AuthorKnight, James Robert.
Committee ChairMyers, Eugene W.
MetadataShow full item record
PublisherThe University of Arizona.
RightsCopyright © is held by the author. Digital access to this material is made possible by the University Libraries, University of Arizona. Further transmission, reproduction or presentation (such as public display or performance) of protected items is prohibited except with permission of the author.
AbstractFinding matches, both exact and approximate, between a sequence of symbols A and a pattern P has long been an active area of research in algorithm design. Some of the more well-known byproducts from that research are the diffprogram and grep family of programs. These problems form a sub-domain of a larger area of problems called discrete pattern matching which has been developed recently to characterize the wide range of pattern matching problems. This dissertation presents new algorithms for discrete pattern matching over sequences and develops a new sub-domain of problems called discrete pattern matching over interval sets. The problems and algorithms presented here are characterized by three common features: (1) a "computable scoring function" which defines the quality of matches; (2) a graph based, dynamic programming framework which captures the structure of the algorithmic solutions; and (3) an interdisciplinary aspect to the research, particularly between computer science and molecular biology, not found in other topics in computer science. The first half of the dissertation considers discrete pattern matching over sequences. It develops the alignment-graph/dynamic-programming framework for the algorithms in the sub-domain and then presents several new algorithms for regular expression and extended regular expression pattern matching. The second half of the dissertation develops the sub-domain of discrete pattern matching over interval sets, also called super-pattern matching. In this sub-domain, the input consists of sets of typed intervals, defined over a finite range, and a pattern expression of the interval types. A match between the interval sets and the pattern consists of a sequence of consecutive intervals, taken from the interval sets, such that their corresponding sequence of types matches the pattern. The name super-pattern matching comes from those problems where the interval sets corresponds to the sets of substrings reported by various pattern matching problems over a common input sequence. The pattern for the super-pattern matching problem, then, represents a "pattern of patterns," or super-pattern, and the sequences of intervals matching the super-pattern correspond to the substring of the original sequence which match that larger "pattern."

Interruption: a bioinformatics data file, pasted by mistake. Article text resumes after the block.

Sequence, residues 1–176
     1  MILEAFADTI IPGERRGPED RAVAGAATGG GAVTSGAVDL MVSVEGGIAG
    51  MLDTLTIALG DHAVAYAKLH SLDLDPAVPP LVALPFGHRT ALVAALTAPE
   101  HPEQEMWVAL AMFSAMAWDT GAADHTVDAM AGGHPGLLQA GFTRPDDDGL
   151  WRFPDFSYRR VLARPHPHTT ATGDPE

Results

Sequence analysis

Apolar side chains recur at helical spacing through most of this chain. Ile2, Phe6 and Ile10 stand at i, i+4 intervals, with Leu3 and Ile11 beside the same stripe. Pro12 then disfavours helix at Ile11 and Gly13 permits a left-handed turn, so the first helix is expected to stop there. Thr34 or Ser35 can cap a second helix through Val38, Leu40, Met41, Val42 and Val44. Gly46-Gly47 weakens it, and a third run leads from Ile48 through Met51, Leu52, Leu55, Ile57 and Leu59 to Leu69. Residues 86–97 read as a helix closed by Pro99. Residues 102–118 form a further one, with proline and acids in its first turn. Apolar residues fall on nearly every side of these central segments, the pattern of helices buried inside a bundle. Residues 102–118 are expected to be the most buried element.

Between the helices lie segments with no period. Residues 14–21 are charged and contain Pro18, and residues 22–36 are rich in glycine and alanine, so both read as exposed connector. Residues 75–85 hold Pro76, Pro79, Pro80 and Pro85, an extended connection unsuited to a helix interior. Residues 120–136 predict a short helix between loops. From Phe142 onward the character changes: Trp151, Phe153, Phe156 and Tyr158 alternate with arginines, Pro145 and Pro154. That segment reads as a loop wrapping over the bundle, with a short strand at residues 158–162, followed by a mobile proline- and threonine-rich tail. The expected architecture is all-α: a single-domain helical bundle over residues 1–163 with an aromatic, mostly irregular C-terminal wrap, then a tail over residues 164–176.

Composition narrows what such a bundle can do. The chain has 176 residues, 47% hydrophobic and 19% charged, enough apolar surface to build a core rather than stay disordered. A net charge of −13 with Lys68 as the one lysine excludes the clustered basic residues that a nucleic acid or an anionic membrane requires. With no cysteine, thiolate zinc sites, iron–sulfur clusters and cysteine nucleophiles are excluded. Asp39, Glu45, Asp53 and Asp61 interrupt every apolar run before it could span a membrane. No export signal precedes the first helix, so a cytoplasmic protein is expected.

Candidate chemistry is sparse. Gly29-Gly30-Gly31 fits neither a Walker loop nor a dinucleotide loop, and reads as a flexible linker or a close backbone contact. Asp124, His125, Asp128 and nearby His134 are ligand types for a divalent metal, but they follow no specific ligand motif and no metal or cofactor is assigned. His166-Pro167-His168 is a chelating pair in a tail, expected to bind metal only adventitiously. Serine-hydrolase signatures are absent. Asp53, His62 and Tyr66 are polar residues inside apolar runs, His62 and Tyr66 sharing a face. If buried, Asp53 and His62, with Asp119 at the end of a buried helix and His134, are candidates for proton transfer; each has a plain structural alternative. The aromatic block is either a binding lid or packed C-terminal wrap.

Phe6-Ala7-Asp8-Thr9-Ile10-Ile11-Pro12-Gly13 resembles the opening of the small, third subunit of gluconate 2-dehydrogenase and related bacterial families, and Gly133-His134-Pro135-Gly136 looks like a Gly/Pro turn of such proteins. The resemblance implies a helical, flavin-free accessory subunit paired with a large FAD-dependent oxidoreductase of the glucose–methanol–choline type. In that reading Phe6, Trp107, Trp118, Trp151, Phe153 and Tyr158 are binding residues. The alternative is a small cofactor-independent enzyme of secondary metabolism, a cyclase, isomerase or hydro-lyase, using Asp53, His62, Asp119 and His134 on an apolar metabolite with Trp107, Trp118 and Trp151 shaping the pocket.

Degree ProgramComputer Science